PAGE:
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  1. #1276

    Re: Let's Discuss Science

    And so it begins...
    Meet again we do, old foe...

  2. #1277

    Re: Let's Discuss Science

    The Startling Link Between Sugar and Alzheimer's
    A high-carb diet, and the attendant high blood sugar, are associated with cognitive decline.

    OLGA KHAZAN 5:00 AM ET

    In recent years, Alzheimer’s disease has occasionally been referred to as “type 3” diabetes, though that moniker doesn’t make much sense. After all, though they share a problem with insulin, type 1 diabetes is an autoimmune disease, and type 2 diabetes is a chronic disease caused by diet. Instead of another type of diabetes, it’s increasingly looking like Alzheimer’s is another potential side effect of a sugary, Western-style diet.

    In some cases, the path from sugar to Alzheimer’s leads through type 2 diabetes, but as a new study and others show, that’s not always the case.

    A longitudinal study, published Thursday in the journal Diabetologia, followed 5,189 people over 10 years and found that people with high blood sugar had a faster rate of cognitive decline than those with normal blood sugar—whether or not their blood-sugar level technically made them diabetic. In other words, the higher the blood sugar, the faster the cognitive decline.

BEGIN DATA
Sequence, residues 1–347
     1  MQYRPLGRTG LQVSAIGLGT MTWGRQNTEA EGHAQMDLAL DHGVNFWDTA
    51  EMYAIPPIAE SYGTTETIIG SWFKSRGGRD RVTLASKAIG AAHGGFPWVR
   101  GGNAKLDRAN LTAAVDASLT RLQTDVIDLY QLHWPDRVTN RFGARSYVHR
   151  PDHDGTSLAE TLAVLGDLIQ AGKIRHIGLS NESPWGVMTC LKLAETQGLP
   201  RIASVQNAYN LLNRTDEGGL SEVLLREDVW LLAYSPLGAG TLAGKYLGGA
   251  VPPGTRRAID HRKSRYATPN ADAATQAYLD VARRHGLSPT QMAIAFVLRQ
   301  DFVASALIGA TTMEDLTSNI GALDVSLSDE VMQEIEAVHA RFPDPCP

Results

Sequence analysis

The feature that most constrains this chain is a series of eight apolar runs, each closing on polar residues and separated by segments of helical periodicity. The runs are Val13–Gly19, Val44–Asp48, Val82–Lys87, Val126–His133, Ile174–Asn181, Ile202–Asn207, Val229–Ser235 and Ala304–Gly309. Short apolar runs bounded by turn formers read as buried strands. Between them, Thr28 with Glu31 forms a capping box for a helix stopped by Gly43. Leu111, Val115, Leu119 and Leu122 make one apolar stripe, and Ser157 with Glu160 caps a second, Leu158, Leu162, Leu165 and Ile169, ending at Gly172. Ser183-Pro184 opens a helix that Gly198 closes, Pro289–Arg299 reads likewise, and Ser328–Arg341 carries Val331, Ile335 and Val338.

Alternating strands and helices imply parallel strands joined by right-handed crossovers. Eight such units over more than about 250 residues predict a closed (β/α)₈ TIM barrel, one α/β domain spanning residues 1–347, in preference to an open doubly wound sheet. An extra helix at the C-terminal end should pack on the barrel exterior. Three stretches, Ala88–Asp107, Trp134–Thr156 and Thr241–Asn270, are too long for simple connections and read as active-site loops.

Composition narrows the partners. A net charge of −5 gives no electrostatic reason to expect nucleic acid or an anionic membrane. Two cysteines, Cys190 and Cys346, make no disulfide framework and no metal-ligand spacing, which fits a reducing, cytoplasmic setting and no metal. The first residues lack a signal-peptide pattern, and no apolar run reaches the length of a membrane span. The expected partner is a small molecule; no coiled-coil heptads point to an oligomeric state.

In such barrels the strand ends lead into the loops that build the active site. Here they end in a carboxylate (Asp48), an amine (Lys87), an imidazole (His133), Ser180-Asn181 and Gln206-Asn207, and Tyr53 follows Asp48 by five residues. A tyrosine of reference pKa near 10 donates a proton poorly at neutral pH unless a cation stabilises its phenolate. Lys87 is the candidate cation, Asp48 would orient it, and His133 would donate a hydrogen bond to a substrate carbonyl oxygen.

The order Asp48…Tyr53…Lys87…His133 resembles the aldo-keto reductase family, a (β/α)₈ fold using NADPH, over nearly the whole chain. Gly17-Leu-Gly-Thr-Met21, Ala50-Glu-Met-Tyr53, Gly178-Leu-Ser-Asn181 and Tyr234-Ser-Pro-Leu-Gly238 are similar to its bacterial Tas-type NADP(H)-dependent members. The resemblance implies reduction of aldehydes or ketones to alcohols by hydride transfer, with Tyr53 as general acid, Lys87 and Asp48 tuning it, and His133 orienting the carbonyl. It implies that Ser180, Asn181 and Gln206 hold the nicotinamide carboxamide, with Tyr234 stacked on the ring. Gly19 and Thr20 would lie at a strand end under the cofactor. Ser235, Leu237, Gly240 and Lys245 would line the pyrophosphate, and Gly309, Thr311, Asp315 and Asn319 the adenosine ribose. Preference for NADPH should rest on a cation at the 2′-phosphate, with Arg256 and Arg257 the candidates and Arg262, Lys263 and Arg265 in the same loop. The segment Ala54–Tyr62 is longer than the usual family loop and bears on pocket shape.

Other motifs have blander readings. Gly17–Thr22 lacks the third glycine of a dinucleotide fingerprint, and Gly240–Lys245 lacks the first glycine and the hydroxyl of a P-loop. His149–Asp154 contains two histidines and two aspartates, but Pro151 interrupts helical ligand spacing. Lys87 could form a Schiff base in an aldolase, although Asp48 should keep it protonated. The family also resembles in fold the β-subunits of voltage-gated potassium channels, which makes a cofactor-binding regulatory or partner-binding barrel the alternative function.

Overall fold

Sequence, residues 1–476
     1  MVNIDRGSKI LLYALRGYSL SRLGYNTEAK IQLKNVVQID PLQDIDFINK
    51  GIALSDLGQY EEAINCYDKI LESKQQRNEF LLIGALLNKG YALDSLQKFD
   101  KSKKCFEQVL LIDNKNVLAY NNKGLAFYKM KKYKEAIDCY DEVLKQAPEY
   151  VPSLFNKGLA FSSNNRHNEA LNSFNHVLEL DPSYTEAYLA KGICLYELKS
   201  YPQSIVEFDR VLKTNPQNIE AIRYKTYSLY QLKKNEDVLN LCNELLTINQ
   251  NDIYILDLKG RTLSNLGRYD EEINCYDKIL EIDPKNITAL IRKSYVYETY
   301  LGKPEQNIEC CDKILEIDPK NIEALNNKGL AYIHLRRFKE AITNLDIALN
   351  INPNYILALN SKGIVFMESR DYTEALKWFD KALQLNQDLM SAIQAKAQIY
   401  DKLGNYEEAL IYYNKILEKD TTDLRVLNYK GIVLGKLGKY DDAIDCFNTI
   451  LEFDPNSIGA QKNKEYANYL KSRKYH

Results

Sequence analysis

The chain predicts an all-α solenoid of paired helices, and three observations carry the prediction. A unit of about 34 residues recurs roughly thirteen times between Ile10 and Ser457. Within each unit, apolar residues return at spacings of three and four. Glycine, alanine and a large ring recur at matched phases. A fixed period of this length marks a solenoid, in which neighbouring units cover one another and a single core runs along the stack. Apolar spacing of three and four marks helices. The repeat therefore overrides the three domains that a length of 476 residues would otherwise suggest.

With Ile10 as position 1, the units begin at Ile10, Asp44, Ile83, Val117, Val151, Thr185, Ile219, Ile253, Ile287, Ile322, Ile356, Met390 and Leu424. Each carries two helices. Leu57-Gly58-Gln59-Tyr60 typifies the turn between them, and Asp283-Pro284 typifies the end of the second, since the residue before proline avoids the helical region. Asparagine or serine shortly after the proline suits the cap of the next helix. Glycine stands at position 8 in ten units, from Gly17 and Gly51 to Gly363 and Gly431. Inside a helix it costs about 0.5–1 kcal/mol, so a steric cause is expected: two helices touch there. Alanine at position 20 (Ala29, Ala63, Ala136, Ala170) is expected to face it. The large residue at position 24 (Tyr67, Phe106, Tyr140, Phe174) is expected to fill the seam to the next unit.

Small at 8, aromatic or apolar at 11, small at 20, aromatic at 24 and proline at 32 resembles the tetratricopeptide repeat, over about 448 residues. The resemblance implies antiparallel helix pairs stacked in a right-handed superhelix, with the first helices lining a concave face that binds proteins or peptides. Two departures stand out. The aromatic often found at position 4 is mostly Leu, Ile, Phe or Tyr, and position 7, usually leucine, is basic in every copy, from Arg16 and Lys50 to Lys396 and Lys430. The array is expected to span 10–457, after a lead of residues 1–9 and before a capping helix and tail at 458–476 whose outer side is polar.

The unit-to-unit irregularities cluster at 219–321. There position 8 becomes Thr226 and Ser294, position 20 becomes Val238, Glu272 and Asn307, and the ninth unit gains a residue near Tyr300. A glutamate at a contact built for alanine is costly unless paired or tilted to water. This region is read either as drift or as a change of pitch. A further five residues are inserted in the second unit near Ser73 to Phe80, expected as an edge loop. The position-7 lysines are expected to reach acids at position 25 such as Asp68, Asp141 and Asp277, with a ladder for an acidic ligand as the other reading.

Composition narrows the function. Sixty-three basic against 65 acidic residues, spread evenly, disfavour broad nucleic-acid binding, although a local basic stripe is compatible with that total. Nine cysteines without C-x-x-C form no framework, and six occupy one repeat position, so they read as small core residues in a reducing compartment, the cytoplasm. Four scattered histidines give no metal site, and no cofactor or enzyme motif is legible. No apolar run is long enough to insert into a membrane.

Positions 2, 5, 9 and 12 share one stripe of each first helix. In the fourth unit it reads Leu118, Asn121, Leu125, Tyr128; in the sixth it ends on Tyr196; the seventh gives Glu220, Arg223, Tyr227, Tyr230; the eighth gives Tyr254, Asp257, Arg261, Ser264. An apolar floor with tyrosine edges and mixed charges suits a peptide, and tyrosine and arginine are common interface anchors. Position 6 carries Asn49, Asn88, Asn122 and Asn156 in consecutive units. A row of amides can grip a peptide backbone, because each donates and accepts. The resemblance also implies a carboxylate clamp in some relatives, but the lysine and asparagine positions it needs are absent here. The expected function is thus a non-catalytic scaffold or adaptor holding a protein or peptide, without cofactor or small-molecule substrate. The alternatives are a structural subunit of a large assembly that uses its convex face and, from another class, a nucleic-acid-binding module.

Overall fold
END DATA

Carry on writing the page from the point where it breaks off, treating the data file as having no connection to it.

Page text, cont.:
“Dementia is one of the most prevalent psychiatric conditions strongly associated with poor quality of later life,” said the lead author, Wuxiang Xie at Imperial College London, via email. “Currently, dementia is not curable, which makes it very important to study risk factors.”

    Melissa Schilling, a professor at New York University, performed her own review of studies connecting diabetes to Alzheimer’s in 2016. She sought to reconcile two confusing trends. People who have type 2 diabetes are about twice as likely to get Alzheimer’s, and people who have diabetes and are treated with insulin are also more likely to get Alzheimer’s, suggesting elevated insulin plays a role in Alzheimer’s. In fact, many studies have found that elevated insulin, or “hyperinsulinemia,” significantly increases your risk of Alzheimer’s. On the other hand, people with type 1 diabetes, who don’t make insulin at all, are also thought to have a higher risk of Alzheimer’s. How could these both be true?